Advisory Opinion No. 215
This advisory opinion is in response to a letter requesting advice from the Ethics Commission as to whether a conflict of interest exists due to the weekend real estate activities of an engineer in the Department of Public Works.
The Commission understands the facts relative to this inquiry to be as follows:
In addition to his City position as an engineer for the Department of Public Works, the employee has outside employment on weekends as a real estate salesperson. The request for an opinion stated that he "may have access to information that may impact real estate activity." It was also stated that the engineer "may get involved with plan reviews submitted by developers" and that he "may have access to information not currently made public which may be used for real estate development" (emphasis added). However, his direct supervisor believes the frequency of such occurrences would be very seldom, if at all. Further, within his section there are other similar positions which would allow for the possibility of work redistribution.
The ethical question presented is whether the engineer's outside employment as a real estate salesperson automatically creates a conflict of interest with his City position in the Department of Public Works.
The general rule in relation to this question is found in the Standards of Conduct in the Revised Charter of the City and County of Honolulu 1973 (1984 Ed.) [RCH]. Section 11-102(3), RCH, states in pertinent part:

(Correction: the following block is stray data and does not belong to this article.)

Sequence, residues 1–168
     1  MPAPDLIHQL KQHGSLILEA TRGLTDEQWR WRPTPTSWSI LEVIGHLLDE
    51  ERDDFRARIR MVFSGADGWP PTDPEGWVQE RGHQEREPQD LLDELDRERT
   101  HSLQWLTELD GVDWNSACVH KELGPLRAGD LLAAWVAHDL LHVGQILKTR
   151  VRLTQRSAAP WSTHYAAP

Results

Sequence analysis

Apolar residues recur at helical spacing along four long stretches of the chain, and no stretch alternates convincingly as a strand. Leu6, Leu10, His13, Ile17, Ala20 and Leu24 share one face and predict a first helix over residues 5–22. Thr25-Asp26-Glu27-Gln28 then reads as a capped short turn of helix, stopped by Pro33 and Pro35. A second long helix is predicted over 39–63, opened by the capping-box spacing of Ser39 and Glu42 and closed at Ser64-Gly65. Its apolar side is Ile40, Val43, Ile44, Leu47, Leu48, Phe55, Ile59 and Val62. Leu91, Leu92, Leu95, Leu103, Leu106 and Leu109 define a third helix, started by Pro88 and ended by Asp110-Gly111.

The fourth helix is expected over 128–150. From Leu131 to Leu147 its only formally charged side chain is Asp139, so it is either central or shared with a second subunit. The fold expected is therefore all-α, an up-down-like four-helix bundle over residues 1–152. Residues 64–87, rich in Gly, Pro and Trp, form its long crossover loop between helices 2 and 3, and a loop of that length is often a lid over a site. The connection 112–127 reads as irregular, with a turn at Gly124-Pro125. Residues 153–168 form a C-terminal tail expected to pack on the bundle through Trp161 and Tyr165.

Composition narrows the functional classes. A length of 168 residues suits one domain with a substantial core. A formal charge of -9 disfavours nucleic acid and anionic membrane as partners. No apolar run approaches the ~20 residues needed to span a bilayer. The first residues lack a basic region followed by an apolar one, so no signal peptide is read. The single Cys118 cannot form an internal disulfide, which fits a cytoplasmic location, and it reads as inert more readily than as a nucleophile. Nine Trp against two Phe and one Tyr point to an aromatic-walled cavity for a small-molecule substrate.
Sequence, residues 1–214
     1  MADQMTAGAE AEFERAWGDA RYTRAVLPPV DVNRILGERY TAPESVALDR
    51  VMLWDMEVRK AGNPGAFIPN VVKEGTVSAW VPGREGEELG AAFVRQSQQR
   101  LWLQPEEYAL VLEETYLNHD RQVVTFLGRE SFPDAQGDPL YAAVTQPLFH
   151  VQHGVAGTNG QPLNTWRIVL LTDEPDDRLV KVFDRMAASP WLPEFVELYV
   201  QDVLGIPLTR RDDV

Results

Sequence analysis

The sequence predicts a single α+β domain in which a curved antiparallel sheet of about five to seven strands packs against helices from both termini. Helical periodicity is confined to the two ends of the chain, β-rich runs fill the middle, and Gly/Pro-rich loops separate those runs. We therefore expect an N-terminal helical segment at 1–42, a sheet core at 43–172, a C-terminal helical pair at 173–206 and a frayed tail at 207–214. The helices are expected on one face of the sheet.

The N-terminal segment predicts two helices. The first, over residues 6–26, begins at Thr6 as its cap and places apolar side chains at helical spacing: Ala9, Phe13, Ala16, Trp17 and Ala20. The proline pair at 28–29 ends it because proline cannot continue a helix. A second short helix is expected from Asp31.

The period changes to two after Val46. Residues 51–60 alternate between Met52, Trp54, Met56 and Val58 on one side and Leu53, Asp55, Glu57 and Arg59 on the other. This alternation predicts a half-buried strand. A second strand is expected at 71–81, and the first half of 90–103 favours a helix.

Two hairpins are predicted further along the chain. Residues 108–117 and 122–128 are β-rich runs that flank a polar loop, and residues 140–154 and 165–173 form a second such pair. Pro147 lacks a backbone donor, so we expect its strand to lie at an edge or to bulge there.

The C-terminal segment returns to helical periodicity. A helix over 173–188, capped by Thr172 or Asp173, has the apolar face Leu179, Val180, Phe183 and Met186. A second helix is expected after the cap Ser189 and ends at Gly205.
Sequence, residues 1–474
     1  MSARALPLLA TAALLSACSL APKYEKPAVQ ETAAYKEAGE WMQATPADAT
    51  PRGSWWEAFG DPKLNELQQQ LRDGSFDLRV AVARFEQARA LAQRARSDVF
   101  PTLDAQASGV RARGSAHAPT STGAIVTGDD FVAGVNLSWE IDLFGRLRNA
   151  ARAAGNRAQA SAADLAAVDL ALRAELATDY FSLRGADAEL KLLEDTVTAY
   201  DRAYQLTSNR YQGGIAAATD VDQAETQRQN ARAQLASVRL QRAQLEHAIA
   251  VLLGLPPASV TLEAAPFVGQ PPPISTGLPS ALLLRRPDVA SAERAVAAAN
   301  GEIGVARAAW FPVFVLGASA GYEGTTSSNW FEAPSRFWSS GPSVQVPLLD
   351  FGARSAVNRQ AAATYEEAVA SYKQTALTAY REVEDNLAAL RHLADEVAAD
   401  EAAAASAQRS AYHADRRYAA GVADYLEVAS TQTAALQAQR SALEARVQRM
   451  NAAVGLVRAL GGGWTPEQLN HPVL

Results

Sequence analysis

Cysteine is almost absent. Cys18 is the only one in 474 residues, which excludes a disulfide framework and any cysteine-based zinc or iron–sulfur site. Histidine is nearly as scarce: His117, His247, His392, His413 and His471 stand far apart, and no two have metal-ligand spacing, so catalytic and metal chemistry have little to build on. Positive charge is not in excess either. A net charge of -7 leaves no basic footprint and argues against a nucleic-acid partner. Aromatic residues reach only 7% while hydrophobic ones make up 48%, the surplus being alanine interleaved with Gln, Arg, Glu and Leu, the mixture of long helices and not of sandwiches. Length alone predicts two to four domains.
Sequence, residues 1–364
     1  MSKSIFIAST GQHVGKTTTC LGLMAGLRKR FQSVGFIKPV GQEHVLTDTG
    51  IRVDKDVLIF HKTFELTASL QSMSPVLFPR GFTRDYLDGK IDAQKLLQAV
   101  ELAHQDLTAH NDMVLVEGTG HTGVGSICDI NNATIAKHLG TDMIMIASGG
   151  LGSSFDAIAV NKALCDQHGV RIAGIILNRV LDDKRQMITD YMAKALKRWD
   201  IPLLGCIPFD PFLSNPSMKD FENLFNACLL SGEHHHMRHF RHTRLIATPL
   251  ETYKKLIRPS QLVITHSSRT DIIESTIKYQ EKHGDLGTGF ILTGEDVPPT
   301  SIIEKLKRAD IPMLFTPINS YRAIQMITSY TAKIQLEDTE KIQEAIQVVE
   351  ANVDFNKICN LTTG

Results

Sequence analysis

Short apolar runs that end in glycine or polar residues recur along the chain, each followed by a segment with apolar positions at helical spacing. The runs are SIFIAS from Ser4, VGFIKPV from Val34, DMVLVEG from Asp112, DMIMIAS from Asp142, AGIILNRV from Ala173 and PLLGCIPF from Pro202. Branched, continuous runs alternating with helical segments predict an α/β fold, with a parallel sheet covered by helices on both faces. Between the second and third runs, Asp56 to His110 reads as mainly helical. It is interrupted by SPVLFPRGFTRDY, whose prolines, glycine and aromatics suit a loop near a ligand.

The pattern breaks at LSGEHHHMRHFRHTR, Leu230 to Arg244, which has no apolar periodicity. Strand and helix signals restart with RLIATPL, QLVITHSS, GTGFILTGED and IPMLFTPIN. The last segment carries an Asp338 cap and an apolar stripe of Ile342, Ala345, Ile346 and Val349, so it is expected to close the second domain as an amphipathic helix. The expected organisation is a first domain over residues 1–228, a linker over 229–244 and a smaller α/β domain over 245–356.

No elected or appointed officer or employee shall...[e]ngage in any business transaction or activity or have a financial interest, direct or indirect, which is incompatible with the proper discharge of such person's official duties or which may tend to impair the independence of judgment in the performance of such person's official duties.
Based on the information presented, the Commission finds that no conflict of interest is automatically created by the engineer's employment as a real estate salesperson. Anything in prior advisory opinions numbered 157 and 158 which is in conflict with this advisory opinion is overruled.
It should be noted, however, that it is possible that a situation could arise in which the engineer's real estate work does create a conflict of interest with his City position. At that time, the engineer would be required to take immediate measures to resolve the conflict. The office of the Ethics Commission is available to advise him if such a situation occurs. Furthermore, if the facts in regard to this employee change, he may wish to come back to the Ethics Commission for another opinion.
The engineer should also be cautioned that Section 11-102(2), RCH, is a blanket prohibition against the disclosure of confidential information for any reason. That section states in pertinent part:
No elected or appointed officer or employee shall...[d]isclose confidential information gained by reason of such person's office or position or use such information for the personal gain or benefit of anyone.
Dated: March 25, 1992
JANE B. FELLMETH
Chair, Ethics Commission